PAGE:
“That’s the market we’re going after,” he said.
In 2014, the group gathered on Deri’s brother’s farm in North Yarmouth to test a prototype of the rocket engine.
Soon, they’ll join members of a local fire department in a quarry somewhere in western Maine to test the latest version.
While at his brother’s farm that day, Deri said he wondered whether the farm byproducts could be used as a biofuel to launch the rocket. The group tested it, and found the “secret sauce” performed better than petroleum-based fuel — and is carbon-neutral.
“To the best of our knowledge, nobody else is doing it,” he said.
To date, construction of the rocket engine has taken place at Deri’s solar company in Massachusetts. But in the last month, Deri opened his office at Tech Place with an eye toward drawing on the Maine Composites Alliance based there and the carbon composites study program at Southern Maine Community College, located a block from Tech Place, to eventually build the carbon composite fuselage.
The college is “a great source of talent for us in terms of people who can put it together,” Deri said.
“It was a nice convergence of the planets, to use an astronomical metaphor,” he said.
Deri hopes to return to Maine, where his fiancee and family live. Maine also offers “an almost overwhelming number of incentives for businesses to come back to Maine.”
And Brunswick Landing “is perfect for what we need to do — it’s perfect for aerospace companies,” Deri said. “And on top of that, Tech Place has gone out of their way to find a place for us to do engine testing. It turns out the old Naval station is a great place for us to do rocket testing.”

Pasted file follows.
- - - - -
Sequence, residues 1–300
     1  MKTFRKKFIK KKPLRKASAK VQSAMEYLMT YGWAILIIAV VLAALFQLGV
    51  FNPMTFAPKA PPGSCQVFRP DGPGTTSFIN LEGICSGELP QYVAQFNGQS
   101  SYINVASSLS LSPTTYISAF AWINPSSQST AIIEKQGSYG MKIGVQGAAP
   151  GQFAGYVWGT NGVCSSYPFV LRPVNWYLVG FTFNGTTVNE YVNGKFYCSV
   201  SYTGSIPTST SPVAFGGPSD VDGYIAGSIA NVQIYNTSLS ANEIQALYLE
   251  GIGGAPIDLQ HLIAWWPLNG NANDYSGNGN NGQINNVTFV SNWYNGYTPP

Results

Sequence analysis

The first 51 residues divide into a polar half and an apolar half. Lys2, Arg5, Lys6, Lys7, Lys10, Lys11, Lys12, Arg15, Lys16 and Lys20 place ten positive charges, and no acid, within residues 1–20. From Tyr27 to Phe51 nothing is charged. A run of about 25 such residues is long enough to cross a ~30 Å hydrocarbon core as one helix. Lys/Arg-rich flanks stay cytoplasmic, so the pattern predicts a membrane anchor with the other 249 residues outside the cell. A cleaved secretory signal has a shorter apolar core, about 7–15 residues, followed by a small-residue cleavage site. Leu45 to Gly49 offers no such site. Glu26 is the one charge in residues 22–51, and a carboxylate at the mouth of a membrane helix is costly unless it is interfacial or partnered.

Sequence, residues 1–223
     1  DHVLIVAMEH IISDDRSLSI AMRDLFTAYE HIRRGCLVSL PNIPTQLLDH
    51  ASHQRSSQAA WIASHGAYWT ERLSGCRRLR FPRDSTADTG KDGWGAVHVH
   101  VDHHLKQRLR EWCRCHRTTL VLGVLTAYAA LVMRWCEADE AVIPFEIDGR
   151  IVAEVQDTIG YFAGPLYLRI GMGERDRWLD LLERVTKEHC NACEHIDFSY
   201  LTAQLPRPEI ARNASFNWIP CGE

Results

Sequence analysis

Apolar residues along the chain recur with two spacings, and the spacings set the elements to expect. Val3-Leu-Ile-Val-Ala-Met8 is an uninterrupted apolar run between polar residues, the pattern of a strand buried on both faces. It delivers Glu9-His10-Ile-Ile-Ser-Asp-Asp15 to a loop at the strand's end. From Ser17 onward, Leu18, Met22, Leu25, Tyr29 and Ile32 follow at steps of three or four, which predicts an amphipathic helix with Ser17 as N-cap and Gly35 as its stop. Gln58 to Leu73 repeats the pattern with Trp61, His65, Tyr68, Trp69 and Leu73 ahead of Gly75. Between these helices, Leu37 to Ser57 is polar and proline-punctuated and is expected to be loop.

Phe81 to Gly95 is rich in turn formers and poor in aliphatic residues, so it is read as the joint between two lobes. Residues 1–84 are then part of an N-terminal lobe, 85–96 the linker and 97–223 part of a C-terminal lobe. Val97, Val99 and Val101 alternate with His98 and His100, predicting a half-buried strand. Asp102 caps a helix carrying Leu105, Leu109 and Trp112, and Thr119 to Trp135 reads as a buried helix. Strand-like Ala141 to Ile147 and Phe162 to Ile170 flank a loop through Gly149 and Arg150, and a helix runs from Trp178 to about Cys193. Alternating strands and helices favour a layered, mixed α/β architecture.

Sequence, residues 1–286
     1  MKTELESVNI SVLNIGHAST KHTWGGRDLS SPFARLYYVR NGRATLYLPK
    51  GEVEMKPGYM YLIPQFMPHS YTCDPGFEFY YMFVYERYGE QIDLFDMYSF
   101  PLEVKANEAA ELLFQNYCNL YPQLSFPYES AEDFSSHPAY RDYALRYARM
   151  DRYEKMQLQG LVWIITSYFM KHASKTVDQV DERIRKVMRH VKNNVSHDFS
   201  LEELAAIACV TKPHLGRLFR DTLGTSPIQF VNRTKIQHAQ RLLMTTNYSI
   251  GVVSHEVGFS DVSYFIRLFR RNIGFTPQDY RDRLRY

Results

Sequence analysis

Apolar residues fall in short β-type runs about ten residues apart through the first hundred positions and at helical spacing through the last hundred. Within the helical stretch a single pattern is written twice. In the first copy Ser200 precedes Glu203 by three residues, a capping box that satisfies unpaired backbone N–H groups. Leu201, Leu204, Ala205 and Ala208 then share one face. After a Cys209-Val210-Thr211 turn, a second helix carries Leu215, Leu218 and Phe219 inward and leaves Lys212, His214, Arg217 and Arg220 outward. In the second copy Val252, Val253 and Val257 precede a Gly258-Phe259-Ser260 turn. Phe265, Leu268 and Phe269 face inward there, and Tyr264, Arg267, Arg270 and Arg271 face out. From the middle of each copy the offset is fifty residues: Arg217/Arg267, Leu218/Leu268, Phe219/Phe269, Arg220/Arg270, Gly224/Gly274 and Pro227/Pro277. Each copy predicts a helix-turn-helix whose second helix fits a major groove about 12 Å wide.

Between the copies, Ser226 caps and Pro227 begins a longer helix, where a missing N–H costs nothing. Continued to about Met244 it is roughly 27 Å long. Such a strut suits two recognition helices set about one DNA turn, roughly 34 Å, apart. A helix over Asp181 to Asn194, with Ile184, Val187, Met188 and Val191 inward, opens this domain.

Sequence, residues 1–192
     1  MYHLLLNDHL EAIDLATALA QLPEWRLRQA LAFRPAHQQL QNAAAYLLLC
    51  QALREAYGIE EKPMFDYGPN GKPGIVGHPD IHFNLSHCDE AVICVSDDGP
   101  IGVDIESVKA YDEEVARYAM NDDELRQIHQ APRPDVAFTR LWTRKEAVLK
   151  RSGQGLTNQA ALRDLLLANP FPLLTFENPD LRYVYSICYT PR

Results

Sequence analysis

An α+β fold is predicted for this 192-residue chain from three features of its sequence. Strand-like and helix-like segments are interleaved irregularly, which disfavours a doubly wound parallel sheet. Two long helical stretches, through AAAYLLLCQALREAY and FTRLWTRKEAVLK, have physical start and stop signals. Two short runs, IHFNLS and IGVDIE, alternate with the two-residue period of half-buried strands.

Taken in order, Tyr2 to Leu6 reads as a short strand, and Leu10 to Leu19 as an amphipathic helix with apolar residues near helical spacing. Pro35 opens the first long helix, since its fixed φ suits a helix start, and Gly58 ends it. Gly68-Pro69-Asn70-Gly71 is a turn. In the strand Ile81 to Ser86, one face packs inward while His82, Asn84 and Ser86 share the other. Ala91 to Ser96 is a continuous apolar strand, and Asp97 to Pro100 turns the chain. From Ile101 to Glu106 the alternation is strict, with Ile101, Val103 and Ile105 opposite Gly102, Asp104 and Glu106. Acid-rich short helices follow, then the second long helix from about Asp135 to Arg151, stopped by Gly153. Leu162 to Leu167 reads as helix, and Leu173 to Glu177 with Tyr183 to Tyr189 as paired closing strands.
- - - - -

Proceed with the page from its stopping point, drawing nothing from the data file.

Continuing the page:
While they work aggressively toward the next test date, Deri is also focused on funding for the project, which to date the partners have financed.
They’ll learn Oct. 22 whether they’ve secured a matching funds grant from the Maine Technology Institute.
And on Thursday, they submitted an application for a $2 million Tipping Point grant from NASA.
While Deri estimates their odds of securing the grant at 1 in 100, doing so would allow them to hire a machinist, an electromechanical engineer and a carbon composites specialist — enough to step up development but not so many employees that they grow too quickly.
The jobs, though, would offer a median salary of $60,000 to $110,000. And one day, he hopes to provide even more of those jobs, maybe up and down the Maine coast.
If they’re not successful with this grant, other opportunities are on the horizon.
“It’s one of my dreams for Maine,” Deri said. “As I was combing through GoogleMaps looking for a place in Maine that would be suitable for launching not dirty, nasty rockets, but smaller rockets that do exploration in space that can be launched safely, I thought, ‘There’s an upside to having big, open spaces. Maybe Washington County. And we’re looking at sea-based launches — a platform out in the ocean. We’re hoping there’s an opportunity down the road to work with the University of Maine.”